Carrots can season your stew, sweeten your supper or be served up savory
If you’re no stranger to the kitchen, then you know that carrots are a pretty big deal in most recipes. Combined with onions and celery, carrots create the first layer of flavor in most soups. They’re always involved when a roast is slow cooked with potatoes in the crock pot. Two of the most common dishes my mom made with carrots were frozen mixed vegetables and boiled cabbage with carrots and potatoes. It’s easy to see that carrots play well with others but did you know they can stand on their own as a delicious dish?
Carrots taste sweet if eaten raw or cooked tender-crisp. They make great snacks, add color to stir fry, and provide needed crunch on salads. Carrots’ natural sweetness can be played up in different ways by cooking in orange juice or adding sugar. They can also lean toward the savory side. Roasted carrots with a balsamic glaze can forever change your idea of their role as a sweet veggie. Oh, and by the way, overcooked carrots lose their sweet taste and some of their nutrients.
Now, go buy some carrots! But first, let’s talk a little about what you’re going to see at the store or farmer’s market. Some carrots are sold with the tops attached. Fresh-looking tops mean the carrots have been harvested recently. Carrots should have a deep orange color unless you get a fancy variety that happens to be purple or white or something cool like that.
Avoid buying carrots that are split or odd shaped, have a lot of little roots, are oversized, or are very dark at the top end. Baby carrots are especially sweet and tender, but they may be more expensive.
If tops are still attached, twist or cut them off. Store in the refrigerator in a plastic bag, where they will keep up to two weeks.
Don’t forget to wash your carrots by running them under cold water and scrubbing them with a veggie brush. If you need a veggie brush, feel free to come to any of my programs at the Boyle County Extension Office and I’ll gladly get you one. Seriously, all you have to do is show up.
Lunch and Learn this month will be the Apple and Carrot Bake. This program will be on Wednesday, Oct. 19 at 12 noon. Did I mention it’s free? Well it is, this program is free and open to the public. Call (859) 236-4484 to sign up!
Ok, back to cooking with carrots. Here are some ideas for getting more carrots in your diet. You should want to get plenty of carrots in your diet because they’re good for you. Your eyes, immune system, heart and digestive system will thank you.
Grated raw carrot can be added to: slaw or salads;
muffin, cake, soft cookie or sweet bread batters;
meat loaf; meatballs; or spaghetti sauce; peanut butter, to be served as a sandwich filling.
After cooking carrots, try seasoning them with:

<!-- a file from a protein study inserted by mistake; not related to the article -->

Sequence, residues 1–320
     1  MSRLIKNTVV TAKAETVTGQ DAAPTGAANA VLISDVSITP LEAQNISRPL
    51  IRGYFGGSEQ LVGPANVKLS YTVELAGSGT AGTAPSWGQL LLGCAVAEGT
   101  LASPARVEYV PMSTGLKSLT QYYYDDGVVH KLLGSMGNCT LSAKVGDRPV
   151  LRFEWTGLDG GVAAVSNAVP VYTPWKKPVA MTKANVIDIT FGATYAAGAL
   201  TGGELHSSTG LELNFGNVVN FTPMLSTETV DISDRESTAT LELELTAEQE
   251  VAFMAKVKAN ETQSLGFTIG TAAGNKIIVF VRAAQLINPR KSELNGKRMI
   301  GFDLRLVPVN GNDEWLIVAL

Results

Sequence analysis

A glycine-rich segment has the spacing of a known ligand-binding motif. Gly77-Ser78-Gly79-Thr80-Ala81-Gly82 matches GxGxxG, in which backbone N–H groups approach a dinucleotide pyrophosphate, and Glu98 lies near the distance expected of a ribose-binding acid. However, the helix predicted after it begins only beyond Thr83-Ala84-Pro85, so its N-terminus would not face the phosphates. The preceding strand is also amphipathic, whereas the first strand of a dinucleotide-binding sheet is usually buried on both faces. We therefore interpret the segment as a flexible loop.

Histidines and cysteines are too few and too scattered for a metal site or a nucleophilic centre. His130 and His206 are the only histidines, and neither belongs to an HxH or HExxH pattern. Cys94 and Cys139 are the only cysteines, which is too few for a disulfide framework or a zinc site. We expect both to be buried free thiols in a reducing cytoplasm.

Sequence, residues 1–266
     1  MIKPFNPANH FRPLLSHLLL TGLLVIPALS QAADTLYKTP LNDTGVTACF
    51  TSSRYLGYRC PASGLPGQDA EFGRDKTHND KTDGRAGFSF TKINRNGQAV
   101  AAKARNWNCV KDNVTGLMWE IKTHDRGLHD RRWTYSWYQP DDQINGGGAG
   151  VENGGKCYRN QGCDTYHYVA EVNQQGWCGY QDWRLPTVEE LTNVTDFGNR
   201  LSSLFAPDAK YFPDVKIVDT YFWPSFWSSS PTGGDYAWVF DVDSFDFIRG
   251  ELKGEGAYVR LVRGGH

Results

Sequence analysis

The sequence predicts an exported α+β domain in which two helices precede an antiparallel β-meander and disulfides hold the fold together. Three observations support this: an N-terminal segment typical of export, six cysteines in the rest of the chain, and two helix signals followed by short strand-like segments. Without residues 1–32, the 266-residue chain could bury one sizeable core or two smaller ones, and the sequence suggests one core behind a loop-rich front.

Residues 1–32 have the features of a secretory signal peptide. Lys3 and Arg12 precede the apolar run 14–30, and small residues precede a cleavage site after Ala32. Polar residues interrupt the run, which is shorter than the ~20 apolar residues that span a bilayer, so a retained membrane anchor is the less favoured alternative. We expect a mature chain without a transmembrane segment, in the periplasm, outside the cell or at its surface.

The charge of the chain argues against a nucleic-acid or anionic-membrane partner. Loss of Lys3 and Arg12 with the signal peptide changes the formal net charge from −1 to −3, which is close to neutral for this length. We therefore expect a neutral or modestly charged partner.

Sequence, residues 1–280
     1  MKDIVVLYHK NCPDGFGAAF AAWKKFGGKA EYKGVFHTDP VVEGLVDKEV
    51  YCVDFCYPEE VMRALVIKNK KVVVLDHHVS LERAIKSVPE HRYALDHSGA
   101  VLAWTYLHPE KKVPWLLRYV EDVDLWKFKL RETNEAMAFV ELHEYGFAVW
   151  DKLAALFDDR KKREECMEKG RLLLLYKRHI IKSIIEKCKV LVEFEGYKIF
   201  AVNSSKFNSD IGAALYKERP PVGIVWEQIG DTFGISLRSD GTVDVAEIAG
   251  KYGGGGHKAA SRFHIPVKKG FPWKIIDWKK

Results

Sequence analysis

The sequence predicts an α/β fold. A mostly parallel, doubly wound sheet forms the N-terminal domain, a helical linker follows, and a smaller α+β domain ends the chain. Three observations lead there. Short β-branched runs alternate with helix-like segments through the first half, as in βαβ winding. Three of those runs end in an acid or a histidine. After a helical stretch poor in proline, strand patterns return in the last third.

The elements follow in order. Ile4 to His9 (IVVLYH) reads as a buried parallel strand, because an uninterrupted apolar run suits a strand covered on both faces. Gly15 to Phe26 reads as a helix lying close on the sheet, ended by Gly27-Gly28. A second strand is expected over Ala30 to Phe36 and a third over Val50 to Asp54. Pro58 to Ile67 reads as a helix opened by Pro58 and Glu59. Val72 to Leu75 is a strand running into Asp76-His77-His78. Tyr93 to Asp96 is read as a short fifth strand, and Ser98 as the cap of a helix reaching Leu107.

a little margarine and ginger; cinnamon or curry powder; a drizzle of honey or orange juice concentrate; or a splash of lemon juice.
Check out these recipes I’ve picked out for you. They’re pretty great. Don’t forget about Lunch and Learn on the 19th! Call (859) 236-4484 to reserve your spot.
If you have questions or comments about the column, or if you’d like more information feel free to contact me by email at email@example.com.
Email me and I’ll answer your kitchen questions.
Hot side dish for any combination of meals.
3 pounds small carrots (including greens; carrots about 5 inches long), tops trimmed to 1 inch and carrots peeled
2 tablespoons olive oil
Preheat oven to 500°F with rack in lower third. Toss carrots with oil, ½ teaspoon salt, and ¼ teaspoon pepper and spread out in a large 4-sided sheet pan. Roast 20 minutes. Reduce oven to 325°F and roast, stirring occasionally, until carrots are browned and tender, about 25 minutes more.
Curried Carrot & Apple Soup
TIME: 1 hour
SERVES: 8 people
1 tablespoon extra-virgin olive oil
1 large onion, chopped (2 cups)
1 stalk celery, finely chopped
1 tablespoon curry powder
5 large carrots, peeled and thinly sliced (3 cups)
2 large apples, peeled and coarsely chopped (3 cups), peeled and coarsely chopped (3 cups)
1 bay leaf
4 1/2 cups reduced-sodium chicken broth
1/4 teaspoon salt
Freshly ground pepper, to taste
2 tablespoons low-fat plain yogurt, for garnish (optional)
1 tablespoon chopped fresh parsley, dill or basil for garnish (optional)
Heat oil in a large saucepan or medium soup pot over medium heat. Stir in onion and celery; cook until the onion is softened and translucent, 8 to 12 minutes; do not brown. Stir in curry powder, then add carrots, apples and bay leaf. Stir well over medium heat for 2 minutes, then add broth and salt. Bring the mixture to a low boil, then reduce the heat to low. Cover tightly and simmer until the carrots and apples are tender, 20 to 25 minutes. Remove the bay leaf. Using a large slotted spoon, transfer the soup solids to a food processor, adding about ½ cup of the broth; process to a smooth puree. Pour the puree back into the soup. Reheat and season with pepper. Serve piping hot, garnishing each serving, if you like, with a dab of yogurt and a sprinkle of fresh herbs.
Maple Glazed Turnips & Carrots
Delicious fall receipe featuring turnips and carrots.
12 ounces young turnips, 2 inches or less in diameter
1 large carrot, peeled
1/4 cup chicken stock or water
2 tablespoons butter
1 tablespoon grade A or B maple syrup
salt and freshly ground black pepper
Scrub and peel the turnips and cut into quarters or sixths, depending on their size. Slice the carrot at an angle into ½ inch-thick pieces. Put the vegetables and stock in a medium saucepan and bring to a boil. Cover and cook until the turnips are barely tender, about 7 minutes. Reduce the heat to medium-high and add the butter and maple syrup. Stir to coat the vegetables and continue to cook uncovered until the vegetables are glazed and beginning to caramelize around the edges, about 2 minutes. Season with salt and pepper and serve.